Amid mounting controversy, Microsoft is denying allegations that its Bing search engine is filtering Chinese language results for users based in the United States.
“There has been discussion over the past day or so that Bing results for Chinese language queries done outside of China are somehow intentionally edited or incomplete for political censoring purposes,” said Stefan Weitz, senior director of Bing, in a company blog post. “We can emphatically confirm that they are not.”
The post, titled “Setting the Record Straight,” goes on to explain that the only times Bing takes steps to modify results “is to comply with local law or for quality or safety reasons such as child abuse or malware.”
Bing has come under fire for displaying results to users outside of China’s borders that seem to conform to that country’s restrictions on search engines. “Microsoft’s search engine Bing appears to be censoring information for Chinese language users in the US in the same way it filters results in mainland China,” reported The Guardian on Feb. 11.
“Searches first conducted by anti-censorship campaigners at FreeWeibo, a tool that allows uncensored search of Chinese blogs, found that Bing returns radically different results in the US for English and simplified Chinese language searches on a series of controversial terms,” said the report. Those terms include the Dalai Lama of Tibet and disgraced Chinese government official Bo Xilai.
In the United States, Bing’s top Chinese results were found to favor government-sanctioned sources, contrasting with its English results—and Google’s for that matter—which often returned Wikipedia entries and Western news articles. Similar results were reported in Yahoo, which uses Bing as its search engine. Weitz chalked up the inconsistencies to a technical error and the way Bing handles searches in different languages.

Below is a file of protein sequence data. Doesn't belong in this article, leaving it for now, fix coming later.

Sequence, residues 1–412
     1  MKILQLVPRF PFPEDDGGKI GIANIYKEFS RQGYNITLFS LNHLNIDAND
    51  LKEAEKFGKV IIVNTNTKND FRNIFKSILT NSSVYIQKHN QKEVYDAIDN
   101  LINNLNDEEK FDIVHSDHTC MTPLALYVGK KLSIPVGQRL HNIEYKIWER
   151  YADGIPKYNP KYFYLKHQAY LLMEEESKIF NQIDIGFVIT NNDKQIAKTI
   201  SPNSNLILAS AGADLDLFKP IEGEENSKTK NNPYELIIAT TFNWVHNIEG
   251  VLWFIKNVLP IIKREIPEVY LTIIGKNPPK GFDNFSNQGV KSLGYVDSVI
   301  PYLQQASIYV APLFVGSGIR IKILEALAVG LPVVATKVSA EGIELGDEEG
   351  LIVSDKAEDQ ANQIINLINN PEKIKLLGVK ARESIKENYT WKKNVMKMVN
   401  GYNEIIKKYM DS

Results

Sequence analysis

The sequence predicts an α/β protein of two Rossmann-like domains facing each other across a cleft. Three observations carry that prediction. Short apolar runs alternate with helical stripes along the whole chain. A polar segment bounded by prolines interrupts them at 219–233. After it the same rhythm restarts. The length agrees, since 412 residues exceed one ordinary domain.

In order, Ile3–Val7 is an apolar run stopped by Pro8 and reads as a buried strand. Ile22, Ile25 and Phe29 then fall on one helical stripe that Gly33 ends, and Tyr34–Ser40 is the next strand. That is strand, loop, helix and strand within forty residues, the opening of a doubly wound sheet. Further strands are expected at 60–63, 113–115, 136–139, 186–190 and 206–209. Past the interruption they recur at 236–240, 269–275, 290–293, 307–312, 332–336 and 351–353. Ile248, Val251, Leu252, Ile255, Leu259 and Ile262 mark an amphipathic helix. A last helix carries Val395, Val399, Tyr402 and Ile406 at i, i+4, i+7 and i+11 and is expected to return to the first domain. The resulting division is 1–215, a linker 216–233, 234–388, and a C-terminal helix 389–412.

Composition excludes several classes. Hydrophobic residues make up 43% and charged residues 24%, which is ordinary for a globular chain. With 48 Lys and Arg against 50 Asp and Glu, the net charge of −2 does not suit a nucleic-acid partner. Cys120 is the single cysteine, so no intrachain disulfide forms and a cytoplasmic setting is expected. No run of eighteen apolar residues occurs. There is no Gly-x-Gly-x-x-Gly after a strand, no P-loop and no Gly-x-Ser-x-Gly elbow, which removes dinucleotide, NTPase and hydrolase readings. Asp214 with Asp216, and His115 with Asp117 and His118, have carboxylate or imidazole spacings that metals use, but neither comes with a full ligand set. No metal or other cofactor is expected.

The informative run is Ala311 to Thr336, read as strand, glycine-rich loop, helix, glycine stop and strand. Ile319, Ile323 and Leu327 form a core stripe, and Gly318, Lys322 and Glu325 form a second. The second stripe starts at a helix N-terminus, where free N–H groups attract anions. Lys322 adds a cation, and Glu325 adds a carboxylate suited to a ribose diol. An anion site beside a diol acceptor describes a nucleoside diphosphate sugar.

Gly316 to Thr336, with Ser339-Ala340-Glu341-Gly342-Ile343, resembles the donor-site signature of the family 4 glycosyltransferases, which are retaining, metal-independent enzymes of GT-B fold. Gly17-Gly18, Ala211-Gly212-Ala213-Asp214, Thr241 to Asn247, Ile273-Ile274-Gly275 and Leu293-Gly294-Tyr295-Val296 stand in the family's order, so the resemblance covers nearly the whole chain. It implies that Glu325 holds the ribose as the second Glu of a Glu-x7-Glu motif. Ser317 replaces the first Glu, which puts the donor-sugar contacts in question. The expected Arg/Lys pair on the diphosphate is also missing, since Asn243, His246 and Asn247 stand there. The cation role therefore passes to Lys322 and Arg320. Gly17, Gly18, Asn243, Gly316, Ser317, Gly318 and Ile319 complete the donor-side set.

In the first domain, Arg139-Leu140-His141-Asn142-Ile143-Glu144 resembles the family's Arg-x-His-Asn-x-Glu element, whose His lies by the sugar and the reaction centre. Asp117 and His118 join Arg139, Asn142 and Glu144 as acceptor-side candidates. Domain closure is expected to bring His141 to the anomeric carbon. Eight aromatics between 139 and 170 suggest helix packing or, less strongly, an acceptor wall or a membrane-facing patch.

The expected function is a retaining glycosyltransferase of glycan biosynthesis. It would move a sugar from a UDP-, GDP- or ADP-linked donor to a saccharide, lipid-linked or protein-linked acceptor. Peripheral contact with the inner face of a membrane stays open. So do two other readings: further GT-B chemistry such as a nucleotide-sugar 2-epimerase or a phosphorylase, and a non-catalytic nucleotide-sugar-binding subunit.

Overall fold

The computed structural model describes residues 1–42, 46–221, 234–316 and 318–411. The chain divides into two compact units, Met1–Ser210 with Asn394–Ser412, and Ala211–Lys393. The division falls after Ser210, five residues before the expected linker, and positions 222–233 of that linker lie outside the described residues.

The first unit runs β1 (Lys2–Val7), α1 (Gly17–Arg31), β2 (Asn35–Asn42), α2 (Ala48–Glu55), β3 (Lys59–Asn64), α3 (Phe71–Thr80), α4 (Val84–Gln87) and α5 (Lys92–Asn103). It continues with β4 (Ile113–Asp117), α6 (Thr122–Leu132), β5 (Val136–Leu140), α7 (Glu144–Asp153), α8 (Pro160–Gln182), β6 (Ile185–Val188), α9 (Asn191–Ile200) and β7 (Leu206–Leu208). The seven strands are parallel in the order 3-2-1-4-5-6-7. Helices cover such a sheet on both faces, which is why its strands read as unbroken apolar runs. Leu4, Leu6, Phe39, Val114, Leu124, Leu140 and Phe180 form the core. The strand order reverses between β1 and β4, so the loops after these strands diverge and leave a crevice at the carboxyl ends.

The error caused the display of “a Chinese ‘removal notification’ message outside of China to users who have selected to view Bing’s People Republic of China version,” said Weitz. “This message was displayed outside of China with this PRC version of Bing where results were suppressed for any reason (child abuse content, spam, etc.),” he said, adding that the company is working on a fix.
Addressing the differences between Chinese and English results in Bing, Weitz said, “Searches in different languages are fundamentally different queries.” Offering a window into how Bing works, he said a “result may show lower in one language versus another for a variety of reasons, such as fewer users choosing that link in English results compared to users who searched in another language.”
The bottom line, according to Weitz, is that his company’s search engine did not intentionally adjust Chinese searches outside of the country. “Bing search results outside of China are not subject to and are not modified in any way based on Chinese law,” he assured.